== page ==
Mental health: Let’s pay heed

We celebrated World Mental Health Day on 10th October. First observed in 1992 as an annual activity of World Federation for Mental Health, the day was aimed at raising awareness and spreading education about mental health issues across the globe. In recent years, there has been increasing acknowledgement of the important role mental health plays in achieving global development goals. The same is evident by the inclusion of mental health in the Sustainable Development Goals. We all know about the pandemic-induced stress viz. coping with the new normal, work from home situation, healthcare anxiety, pressure to perform and seeking work-life balance. Inevitably, all this has taken a toll on our mental and emotional well-being.

A new Lancet study confirms major depressive and anxiety disorders have increased substantially due to the COVID-19 pandemic. In India, psychological disorders saw an increase of 35%, the study noted.

World Mental Heath Day is a reminder to take a pause from our busy routines and pay heed to mental health – one of the most neglected health aspects. It is also a reminder for us to empathise, hear and help those in need around, and importantly, remove the stigma around mental health and normalise conversations on such issues.

While there is a gargantuan canvas of social media to express our joys and show the bright colours of life, sadly there isn’t much room to show our lows – which in fact, is more important! The irony of today’s age is despite being connected to everyone, we are unable to reach out to anyone. Why can’t we, humans, talk about our weaknesses, express our lows or seek help? It’s time to ponder!

Author and life coach Jay Shetty says, "Empathy is not saying I know how you feel. Empathy is saying I want to know how you feel”. Mental peace is crucial to every human, and so, it is important to behave responsibly with ourselves as well as in our social circles. We should be aware of the impact our actions and words make on others. This further underlines the need to have genuine well- wishers, friends, family – to have someone to share your most inner rooted insecurities, threats and feelings.

While there has been much preaching on what life should be like and each one pursues it in his/ her own way, no one really teaches us how to live it. We need to believe in ourselves, especially when the odds are aplenty. It is important to break the bubble of negative thoughts and find hope and a reason to live because no matter how bad a phase is, it is going to pass – we all have experienced it and have come out of it.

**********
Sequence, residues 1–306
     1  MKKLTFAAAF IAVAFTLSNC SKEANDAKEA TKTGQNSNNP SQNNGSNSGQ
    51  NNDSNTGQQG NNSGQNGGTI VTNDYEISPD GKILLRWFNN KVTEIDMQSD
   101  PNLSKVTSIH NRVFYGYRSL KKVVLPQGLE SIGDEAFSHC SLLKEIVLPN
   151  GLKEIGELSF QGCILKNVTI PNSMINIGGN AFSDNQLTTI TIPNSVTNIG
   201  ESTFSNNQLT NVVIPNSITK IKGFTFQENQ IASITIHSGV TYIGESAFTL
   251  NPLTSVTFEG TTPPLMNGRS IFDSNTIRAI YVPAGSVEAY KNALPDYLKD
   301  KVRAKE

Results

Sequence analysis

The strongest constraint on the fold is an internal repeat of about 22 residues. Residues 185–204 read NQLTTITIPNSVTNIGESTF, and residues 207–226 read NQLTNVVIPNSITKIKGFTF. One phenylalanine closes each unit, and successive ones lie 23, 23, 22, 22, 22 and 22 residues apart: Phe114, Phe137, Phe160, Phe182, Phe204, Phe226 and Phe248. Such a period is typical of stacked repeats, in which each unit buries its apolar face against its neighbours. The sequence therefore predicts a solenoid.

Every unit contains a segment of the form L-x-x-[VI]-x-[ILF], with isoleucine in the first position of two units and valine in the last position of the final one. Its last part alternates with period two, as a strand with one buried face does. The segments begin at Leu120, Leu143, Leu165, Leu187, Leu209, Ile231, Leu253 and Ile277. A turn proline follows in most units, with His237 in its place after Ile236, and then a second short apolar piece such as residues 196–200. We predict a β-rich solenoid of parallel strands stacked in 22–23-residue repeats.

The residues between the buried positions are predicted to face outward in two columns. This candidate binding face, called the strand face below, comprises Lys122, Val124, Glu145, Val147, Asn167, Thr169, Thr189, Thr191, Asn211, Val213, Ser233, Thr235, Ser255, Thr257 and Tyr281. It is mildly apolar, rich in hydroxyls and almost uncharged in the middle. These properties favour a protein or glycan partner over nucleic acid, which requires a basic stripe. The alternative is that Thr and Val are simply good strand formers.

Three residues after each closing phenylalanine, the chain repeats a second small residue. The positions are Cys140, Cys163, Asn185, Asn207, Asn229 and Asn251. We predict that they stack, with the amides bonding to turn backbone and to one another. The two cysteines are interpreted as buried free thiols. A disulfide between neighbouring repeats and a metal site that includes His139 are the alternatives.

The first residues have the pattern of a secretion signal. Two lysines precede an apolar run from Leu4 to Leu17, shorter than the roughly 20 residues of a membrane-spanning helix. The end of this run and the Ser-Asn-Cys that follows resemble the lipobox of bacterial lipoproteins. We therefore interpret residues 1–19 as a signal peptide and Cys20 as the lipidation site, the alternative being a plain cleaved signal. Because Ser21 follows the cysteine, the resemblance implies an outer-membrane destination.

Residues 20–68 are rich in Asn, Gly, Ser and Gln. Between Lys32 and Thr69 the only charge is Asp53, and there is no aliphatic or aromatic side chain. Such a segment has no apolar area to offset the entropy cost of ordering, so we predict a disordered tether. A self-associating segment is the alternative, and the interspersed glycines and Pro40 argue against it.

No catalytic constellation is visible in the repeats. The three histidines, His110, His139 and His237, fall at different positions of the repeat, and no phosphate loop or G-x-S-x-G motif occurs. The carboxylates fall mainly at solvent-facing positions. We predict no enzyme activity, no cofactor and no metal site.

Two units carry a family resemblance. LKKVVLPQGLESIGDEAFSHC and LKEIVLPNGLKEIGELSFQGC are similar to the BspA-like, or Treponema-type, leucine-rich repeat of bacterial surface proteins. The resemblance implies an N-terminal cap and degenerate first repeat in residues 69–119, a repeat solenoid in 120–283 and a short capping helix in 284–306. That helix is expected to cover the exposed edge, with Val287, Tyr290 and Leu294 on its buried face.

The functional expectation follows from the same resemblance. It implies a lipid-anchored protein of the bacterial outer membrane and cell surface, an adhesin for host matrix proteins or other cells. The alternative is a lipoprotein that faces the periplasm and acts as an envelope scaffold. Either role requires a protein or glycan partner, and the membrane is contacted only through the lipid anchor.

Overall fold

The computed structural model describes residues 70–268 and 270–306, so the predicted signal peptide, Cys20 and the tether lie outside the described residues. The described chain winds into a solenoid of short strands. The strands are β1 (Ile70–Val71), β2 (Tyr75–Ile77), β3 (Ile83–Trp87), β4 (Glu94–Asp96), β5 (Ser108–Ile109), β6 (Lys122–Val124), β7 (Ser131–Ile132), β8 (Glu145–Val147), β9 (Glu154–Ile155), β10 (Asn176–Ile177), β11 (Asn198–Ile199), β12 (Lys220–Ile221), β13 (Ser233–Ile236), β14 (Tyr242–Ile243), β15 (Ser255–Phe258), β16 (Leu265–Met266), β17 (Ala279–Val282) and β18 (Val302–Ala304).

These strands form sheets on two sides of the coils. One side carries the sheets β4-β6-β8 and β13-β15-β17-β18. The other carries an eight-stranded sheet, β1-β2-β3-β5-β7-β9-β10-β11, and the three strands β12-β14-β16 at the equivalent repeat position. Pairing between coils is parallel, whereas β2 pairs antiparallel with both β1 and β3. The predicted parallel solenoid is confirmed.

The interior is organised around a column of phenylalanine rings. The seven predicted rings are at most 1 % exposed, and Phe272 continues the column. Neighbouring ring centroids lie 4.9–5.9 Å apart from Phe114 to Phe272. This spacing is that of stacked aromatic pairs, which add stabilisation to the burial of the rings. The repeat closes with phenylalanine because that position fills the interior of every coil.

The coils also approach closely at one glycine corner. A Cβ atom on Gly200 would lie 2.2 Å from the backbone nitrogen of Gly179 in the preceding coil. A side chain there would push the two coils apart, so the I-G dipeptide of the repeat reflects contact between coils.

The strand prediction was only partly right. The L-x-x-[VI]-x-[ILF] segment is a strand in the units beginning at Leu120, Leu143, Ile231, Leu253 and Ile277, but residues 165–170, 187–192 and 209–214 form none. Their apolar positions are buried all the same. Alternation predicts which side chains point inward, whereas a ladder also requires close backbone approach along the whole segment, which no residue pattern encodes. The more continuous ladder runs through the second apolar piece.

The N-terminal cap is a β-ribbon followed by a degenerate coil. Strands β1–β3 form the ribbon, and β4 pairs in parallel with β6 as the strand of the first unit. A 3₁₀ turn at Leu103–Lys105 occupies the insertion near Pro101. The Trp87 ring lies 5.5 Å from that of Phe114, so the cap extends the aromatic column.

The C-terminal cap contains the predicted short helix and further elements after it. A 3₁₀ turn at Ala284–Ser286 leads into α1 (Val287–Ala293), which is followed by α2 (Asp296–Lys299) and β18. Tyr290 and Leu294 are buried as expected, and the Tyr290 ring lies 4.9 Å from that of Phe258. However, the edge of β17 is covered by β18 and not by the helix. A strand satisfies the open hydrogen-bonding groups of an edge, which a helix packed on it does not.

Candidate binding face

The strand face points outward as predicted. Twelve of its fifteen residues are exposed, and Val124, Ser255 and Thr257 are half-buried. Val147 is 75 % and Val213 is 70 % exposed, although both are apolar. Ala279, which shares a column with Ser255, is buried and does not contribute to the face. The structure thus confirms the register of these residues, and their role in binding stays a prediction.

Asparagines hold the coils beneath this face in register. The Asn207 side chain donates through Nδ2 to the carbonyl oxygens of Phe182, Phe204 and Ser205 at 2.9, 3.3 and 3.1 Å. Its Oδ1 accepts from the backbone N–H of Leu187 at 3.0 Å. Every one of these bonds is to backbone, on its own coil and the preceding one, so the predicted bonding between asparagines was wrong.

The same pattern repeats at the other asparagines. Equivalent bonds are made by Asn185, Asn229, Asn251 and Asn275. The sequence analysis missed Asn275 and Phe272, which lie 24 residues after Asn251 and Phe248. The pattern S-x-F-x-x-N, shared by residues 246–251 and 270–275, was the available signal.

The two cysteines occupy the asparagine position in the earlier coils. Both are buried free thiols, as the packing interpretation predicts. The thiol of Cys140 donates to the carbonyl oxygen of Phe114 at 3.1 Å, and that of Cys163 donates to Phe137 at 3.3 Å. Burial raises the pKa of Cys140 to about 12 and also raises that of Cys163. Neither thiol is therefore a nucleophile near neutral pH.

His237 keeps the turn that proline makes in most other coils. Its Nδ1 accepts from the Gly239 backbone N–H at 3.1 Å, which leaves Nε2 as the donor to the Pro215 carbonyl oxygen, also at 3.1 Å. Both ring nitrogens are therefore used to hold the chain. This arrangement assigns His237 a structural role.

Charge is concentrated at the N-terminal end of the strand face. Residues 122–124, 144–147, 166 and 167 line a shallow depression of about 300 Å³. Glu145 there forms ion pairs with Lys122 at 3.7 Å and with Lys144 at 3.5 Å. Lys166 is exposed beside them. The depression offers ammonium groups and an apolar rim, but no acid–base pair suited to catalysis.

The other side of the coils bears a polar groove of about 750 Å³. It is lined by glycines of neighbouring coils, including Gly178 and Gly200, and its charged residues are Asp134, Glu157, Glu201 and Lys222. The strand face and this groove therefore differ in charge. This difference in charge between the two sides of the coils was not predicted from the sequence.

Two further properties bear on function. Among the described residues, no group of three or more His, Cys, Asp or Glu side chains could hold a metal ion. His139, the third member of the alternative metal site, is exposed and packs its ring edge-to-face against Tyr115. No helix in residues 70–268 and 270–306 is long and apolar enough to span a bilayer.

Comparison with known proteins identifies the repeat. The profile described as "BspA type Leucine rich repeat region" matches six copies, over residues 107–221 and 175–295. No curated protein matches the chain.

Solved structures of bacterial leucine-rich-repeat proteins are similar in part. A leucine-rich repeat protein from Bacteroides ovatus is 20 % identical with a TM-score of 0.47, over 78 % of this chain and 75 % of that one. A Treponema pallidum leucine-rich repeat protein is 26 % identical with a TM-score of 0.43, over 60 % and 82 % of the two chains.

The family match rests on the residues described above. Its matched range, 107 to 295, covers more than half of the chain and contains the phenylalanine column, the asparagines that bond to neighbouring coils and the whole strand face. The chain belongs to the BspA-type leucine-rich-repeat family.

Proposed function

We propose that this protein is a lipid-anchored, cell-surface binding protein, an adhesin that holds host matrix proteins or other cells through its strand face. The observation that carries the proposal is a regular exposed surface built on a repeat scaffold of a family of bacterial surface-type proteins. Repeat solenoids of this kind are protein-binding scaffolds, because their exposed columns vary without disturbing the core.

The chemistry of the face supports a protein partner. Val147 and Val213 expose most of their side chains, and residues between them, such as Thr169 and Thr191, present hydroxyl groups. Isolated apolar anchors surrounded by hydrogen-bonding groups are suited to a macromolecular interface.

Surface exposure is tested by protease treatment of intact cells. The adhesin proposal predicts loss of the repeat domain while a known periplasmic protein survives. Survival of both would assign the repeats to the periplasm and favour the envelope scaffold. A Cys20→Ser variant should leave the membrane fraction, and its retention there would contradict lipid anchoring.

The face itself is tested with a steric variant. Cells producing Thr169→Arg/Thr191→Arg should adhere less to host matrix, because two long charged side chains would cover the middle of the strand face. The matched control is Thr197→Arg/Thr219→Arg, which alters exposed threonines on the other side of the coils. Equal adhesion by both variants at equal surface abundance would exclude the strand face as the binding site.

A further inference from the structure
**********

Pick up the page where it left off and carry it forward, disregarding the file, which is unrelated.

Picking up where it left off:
Further, we must always remember and reiterate to ourselves that "I am my companion first and foremost". Only you have known yourself from ever – all your struggles, pains, sufferings – you have experienced it firsthand. There are so many battles that only you know you have fought and won. While we talk about commitments in all kinds of relationships, we often forget about the commitment to ourselves. Sometimes, it’s only you who can help yourself. We need to be our own saviours, own counsellors – test what works for you and what doesn't, breathe deeply, be patient with yourself. Invest in yourself, prioritise, accept and love yourself, realise your self-worth.

At times, it’s extremely crucial to pull yourself out of the drudgery of thoughts, obsession with irrational ideas or those beyond your control. I know it’s easy said than done. Today’s testing times call for resilience. We need to train our minds and self to react to adversities in a positive and sustained way. You will only emerge stronger!

Remember this- ‘The story of your life has many chapters. One bad chapter doesn’t mean it’s the end of the book.

– Priyanka Sarode
(Corporate Communications)

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